As we are all adjusting to the immediate impact of the Coronavirus outbreak and current lockdown, there is a huge amount of speculation about the longer-term implications for both business in general and the advertising industry in particular.
Surveys are conducted in a bid to predict how the pandemic is likely to change our future behaviour. Whilst Kantar’s COVID-19 Barometer (published in AdWeek at the end of March) provided valuable insights, the fast-moving nature of the pandemic means that data can feel instantly outdated as consumer attitudes and behaviours change with every evolving phase.
Without a clear picture, views on what to expect diverge widely. From Marketing Week’s Mark Ritson predicting that behaviours are essentially likely to revert back to normal, to the Advertising Association’s Stephen Woodford, expecting profound long-term change. Within the online debate, many seem to agree with John Naughton of the Guardian, who goes even further, categorically stating that there’s no going back to normality.
So what is the impact on the world of advertising? There is no doubt that we’re seeing a strong movement of unity particularly focused on key worker support. The current strength of public opinion is setting the tone for brand engagement. Orlando Wood suggested in a recent Campaign article that one likely outcome is a lasting shift from left-brained goal-focused advertising to more right-brained inspired empathetic and emotive advertising. In the context of this global tragedy this assumption is fairly unsurprising.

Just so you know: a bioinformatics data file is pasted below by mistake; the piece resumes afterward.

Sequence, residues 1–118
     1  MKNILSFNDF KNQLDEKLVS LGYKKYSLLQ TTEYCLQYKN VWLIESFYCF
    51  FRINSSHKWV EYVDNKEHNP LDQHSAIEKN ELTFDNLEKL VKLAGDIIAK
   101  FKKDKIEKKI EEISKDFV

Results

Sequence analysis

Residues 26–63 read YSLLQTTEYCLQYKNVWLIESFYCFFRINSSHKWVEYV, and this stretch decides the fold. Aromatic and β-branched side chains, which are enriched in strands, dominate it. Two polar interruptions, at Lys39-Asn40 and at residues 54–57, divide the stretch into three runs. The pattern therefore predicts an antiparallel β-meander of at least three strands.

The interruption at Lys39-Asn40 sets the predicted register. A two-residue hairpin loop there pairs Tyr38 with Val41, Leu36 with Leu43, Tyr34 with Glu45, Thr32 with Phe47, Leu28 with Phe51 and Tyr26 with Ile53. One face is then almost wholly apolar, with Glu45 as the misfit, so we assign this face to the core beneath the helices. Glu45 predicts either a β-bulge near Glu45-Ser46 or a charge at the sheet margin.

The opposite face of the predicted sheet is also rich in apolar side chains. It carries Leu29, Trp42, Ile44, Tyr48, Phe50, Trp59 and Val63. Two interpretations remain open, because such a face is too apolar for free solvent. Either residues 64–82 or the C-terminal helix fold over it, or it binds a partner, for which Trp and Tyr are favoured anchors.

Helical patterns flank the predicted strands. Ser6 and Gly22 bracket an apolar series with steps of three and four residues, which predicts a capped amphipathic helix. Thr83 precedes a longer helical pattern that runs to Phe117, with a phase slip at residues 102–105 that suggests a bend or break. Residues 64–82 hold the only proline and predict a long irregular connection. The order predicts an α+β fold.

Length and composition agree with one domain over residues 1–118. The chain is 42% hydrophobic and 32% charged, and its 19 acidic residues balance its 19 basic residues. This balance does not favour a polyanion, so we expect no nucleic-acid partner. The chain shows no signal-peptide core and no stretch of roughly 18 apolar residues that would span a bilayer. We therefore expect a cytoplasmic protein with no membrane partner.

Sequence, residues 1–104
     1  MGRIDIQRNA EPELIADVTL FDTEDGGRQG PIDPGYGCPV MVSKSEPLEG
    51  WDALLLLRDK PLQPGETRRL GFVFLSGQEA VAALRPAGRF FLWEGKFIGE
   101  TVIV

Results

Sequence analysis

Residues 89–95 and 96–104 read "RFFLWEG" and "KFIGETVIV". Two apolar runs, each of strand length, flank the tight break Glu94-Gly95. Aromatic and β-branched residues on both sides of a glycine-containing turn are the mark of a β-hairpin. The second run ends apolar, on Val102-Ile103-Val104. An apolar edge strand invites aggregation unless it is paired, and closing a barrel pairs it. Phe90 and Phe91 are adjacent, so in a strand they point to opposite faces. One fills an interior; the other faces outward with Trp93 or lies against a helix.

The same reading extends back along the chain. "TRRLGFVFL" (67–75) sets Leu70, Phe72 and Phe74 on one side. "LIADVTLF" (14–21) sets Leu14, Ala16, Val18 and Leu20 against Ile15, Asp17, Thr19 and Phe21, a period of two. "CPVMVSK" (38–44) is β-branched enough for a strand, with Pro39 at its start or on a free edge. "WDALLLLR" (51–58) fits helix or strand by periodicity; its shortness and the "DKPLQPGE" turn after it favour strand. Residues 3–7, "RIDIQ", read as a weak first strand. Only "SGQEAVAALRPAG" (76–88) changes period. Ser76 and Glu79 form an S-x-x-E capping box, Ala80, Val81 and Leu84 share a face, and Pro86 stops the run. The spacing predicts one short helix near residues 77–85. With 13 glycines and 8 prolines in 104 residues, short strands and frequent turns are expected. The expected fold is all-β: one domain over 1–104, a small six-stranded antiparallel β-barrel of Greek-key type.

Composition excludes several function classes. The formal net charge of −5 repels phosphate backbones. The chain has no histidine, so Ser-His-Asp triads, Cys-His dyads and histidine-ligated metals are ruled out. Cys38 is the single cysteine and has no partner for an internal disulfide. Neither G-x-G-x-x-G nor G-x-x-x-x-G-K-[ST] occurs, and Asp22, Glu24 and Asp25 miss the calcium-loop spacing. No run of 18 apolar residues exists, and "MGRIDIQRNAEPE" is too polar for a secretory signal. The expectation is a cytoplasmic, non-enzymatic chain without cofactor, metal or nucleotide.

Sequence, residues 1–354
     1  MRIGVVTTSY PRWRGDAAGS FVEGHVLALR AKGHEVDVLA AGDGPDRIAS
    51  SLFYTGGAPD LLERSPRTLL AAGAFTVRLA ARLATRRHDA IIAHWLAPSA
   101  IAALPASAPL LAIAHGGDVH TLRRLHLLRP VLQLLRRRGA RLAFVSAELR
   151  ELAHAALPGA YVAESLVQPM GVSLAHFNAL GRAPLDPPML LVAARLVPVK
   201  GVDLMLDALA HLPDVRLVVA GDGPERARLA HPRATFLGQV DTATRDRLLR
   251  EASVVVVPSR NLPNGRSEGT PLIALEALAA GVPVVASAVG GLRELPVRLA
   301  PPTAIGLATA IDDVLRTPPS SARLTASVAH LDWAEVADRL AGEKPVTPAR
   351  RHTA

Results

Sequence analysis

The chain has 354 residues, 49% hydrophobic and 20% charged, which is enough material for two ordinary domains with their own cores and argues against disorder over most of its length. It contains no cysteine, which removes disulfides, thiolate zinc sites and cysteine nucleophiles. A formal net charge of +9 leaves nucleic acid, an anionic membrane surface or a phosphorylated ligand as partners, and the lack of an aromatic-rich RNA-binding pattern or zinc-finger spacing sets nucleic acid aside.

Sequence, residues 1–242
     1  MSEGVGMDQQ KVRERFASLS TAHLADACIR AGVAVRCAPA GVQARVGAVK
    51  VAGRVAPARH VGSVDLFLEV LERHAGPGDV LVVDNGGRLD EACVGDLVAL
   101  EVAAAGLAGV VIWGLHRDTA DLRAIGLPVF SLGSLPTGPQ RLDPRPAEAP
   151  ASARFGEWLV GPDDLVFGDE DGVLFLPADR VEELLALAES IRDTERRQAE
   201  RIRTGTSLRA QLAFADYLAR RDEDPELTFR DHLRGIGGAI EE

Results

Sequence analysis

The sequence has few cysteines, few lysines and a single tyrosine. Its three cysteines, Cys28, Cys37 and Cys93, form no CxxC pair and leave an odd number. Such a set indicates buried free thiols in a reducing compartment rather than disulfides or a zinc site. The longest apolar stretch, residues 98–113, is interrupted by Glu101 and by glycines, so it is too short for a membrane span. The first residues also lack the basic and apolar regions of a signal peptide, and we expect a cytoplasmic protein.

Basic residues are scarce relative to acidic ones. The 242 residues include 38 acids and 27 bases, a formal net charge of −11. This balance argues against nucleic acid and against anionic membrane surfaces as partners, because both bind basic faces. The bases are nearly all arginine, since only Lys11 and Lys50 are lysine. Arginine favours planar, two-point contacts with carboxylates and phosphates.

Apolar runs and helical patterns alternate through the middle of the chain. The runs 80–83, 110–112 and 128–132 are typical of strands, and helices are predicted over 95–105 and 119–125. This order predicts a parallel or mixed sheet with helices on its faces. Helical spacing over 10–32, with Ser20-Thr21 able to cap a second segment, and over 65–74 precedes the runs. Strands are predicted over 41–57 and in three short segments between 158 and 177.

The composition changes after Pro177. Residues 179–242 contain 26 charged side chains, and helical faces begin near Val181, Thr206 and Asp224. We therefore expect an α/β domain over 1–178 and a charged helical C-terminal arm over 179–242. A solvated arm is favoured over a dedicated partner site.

That said, the lockdown implications may have a more surprising effect on the balance of power amongst brands. The social distancing restrictions have led to a sea change in how we all operate and what we can practically produce. Even the largest brands such as Nike, Burger King and Apple are relying on existing, home-produced or user-curated content, removing some of the traditional competitive advantages of substantial production budgets. Audiences are embracing this reactive content in a way not previously experienced and have turned low production value content into a powerful conduit to convey a brand’s corporate social values.
This is having an unexpected levelling effect on the advertising playing field, where budget dominance is no longer reigning supreme. These market conditions may, therefore, represent an unprecedented opportunity for smaller brands and agencies to secure a greater share of voice.
In the current environment, the power lies with those adept at reading the market, who can adopt an agile approach and channel this into great creativity. With the future remaining uncertain, it’s hard to speculate as to whether this is likely to have an impact beyond the immediate short term. However, at this particular moment in time, the current disruption appears to be paving the way for greater brand equality, where success more overtly depends on the quality of insight and creative ideas.